Do 2D and 3D visualisations in a 3D virtual environment enhance understanding and decision-making? Evidence from preparers and users of sustainability information
This study investigates the potential utility of new data visualisation technologies in a social and environmental accounting context. The study utilises a leading game engine (Unreal Engine 4) to explore whether preparers and users of sustainability reports believe that 2D and 3D sustainability information visualisations presented in a 3D virtual environment enhance understanding and decision-making. The study also explores how game engine technology can be optimised for future sustainability reporting initiatives.
Data visualisation has been widely shown to improve decision-making, but prior research in financial accounting and social and environmental accounting has predominately focused on data visualisation as a tool for impression management. Moreover, although 3D visualisations have been found to be helpful in multiple fields, they have received little attention in an accounting context. The present study is informed by visual perception theory, which draws on cognitive science to explain the effectiveness of data visualisations, though there is still theoretical uncertainty as to the likely utility of 3D data visualisations. This study uses an extension of the photo-elicitation method, an innovation on prior studies as these have typically used an experimental research design. Photo-elicitation traditionally involves presenting photographs to elicit responses from interview participants and was extended in the present study by exposing participants to three data visualisation stimuli (numerical sustainability data and 2D charts, 2D charts in a 3D environment and 3D charts in a 3D environment) and eliciting responses to each stimulus. Twelve interviews were conducted with social and environmental accounting report researchers, preparers and users.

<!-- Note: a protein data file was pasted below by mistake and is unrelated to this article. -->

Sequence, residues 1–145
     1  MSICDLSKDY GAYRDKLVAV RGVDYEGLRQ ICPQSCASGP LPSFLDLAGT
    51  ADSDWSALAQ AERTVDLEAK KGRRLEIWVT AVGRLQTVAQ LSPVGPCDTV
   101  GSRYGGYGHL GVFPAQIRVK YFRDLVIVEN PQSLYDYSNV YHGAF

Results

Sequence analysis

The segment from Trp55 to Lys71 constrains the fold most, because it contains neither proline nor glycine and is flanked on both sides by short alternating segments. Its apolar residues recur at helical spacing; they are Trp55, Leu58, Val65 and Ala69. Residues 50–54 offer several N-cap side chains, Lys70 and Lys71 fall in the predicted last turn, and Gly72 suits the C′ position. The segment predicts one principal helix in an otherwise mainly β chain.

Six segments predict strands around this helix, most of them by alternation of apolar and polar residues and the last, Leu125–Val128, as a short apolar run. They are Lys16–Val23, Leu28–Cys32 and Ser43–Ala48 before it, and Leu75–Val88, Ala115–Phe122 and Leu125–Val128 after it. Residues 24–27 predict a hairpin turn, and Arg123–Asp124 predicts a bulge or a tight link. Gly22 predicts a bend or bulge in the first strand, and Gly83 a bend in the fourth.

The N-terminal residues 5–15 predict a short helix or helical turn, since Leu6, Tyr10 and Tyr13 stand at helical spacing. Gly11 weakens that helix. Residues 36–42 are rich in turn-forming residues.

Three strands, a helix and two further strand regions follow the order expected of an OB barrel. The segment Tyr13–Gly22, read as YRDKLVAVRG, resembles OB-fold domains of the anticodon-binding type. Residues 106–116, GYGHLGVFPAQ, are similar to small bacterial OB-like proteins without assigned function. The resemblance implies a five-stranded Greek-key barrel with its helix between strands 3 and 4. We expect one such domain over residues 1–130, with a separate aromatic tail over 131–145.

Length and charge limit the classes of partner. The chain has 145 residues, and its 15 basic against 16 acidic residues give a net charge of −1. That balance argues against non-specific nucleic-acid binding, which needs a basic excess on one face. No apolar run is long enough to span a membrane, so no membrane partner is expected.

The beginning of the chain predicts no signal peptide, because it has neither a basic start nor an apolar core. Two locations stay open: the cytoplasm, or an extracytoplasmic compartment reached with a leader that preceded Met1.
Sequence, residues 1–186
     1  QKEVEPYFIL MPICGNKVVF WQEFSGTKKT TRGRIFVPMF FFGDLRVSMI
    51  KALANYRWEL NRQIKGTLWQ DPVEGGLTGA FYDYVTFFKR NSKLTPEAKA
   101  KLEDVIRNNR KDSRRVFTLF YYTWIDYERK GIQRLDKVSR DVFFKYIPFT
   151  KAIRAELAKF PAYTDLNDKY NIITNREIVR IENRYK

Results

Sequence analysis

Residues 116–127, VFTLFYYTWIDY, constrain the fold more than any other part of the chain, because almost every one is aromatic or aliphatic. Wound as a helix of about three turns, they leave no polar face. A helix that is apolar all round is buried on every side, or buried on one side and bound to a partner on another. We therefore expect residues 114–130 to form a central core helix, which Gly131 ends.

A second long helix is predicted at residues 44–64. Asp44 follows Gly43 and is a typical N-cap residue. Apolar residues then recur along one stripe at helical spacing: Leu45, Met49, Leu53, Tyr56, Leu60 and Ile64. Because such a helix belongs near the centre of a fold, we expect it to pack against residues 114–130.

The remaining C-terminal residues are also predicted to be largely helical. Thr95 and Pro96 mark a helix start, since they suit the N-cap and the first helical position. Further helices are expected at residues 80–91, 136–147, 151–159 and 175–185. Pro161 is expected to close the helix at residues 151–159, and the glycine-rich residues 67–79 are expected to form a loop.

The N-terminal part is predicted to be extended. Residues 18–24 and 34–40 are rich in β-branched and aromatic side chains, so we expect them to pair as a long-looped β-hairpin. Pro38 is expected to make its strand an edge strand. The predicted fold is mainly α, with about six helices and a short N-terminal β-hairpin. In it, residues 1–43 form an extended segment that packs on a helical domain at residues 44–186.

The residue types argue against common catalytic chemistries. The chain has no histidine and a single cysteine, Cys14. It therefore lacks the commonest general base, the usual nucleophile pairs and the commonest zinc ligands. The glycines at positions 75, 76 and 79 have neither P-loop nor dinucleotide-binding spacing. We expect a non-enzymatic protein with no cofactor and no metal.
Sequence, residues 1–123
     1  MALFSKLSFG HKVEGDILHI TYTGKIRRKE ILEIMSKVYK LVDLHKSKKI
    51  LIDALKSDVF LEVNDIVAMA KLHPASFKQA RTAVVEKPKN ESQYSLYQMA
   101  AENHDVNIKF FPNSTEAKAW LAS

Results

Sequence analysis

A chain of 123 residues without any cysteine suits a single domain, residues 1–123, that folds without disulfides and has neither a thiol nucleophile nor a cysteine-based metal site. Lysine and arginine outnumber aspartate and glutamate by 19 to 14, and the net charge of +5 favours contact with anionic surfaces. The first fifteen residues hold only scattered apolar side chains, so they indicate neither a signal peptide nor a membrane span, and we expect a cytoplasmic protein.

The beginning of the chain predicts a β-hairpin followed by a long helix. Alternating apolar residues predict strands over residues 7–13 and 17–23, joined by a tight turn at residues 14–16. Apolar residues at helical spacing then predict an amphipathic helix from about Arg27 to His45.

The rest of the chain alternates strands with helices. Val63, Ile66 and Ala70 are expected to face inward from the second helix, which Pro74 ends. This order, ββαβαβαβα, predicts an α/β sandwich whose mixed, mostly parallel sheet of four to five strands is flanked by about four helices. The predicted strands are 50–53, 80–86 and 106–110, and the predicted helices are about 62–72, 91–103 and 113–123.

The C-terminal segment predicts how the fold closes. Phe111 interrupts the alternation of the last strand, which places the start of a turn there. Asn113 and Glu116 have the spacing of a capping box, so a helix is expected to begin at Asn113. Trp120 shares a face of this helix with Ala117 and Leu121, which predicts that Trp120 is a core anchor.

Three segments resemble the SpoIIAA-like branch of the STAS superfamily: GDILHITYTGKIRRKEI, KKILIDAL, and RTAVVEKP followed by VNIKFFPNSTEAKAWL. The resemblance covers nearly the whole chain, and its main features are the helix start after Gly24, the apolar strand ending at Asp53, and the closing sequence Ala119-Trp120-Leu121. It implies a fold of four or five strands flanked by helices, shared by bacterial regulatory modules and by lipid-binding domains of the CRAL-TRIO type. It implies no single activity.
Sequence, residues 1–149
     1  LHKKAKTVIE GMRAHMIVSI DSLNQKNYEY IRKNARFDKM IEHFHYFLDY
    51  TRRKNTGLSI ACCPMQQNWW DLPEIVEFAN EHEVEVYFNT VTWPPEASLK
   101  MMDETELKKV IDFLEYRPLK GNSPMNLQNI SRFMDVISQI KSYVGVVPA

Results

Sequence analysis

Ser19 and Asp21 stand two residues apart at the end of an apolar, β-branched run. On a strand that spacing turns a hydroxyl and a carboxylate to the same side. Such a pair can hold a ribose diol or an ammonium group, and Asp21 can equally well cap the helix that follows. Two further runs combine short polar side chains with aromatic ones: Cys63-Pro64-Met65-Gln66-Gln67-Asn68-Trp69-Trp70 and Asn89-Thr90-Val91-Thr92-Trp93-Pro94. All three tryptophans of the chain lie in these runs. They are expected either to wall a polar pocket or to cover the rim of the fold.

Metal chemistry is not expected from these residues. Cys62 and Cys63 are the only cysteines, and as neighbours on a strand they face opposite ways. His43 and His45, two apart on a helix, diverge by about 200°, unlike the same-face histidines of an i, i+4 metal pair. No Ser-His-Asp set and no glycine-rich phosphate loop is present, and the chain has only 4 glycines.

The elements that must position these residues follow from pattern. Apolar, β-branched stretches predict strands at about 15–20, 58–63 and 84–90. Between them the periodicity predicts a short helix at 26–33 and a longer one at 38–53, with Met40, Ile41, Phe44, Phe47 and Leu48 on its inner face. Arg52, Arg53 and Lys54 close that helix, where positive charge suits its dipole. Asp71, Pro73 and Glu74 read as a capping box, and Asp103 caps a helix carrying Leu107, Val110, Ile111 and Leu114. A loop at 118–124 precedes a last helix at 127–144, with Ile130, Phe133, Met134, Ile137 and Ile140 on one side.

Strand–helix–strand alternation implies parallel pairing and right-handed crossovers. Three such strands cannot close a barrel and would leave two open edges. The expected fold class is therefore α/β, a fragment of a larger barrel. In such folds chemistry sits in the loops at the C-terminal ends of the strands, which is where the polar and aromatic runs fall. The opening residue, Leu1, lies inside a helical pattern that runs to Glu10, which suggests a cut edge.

A key finding is that although participants reported some advantages of translating 2D charts and graphs into 3D visualisations—primarily in relation to the potential to show greater contextual information and move around the visualisations—these were generally outweighed by the disadvantages of viewing distortion and a slower interface, especially for expert users of information. Participants believed that the optimal use of current 3D visualisation technology would not be an alternative to traditional sustainability reporting but could be a powerful tool for educating novice users, particularly if it was interactive and facilitated community experiences.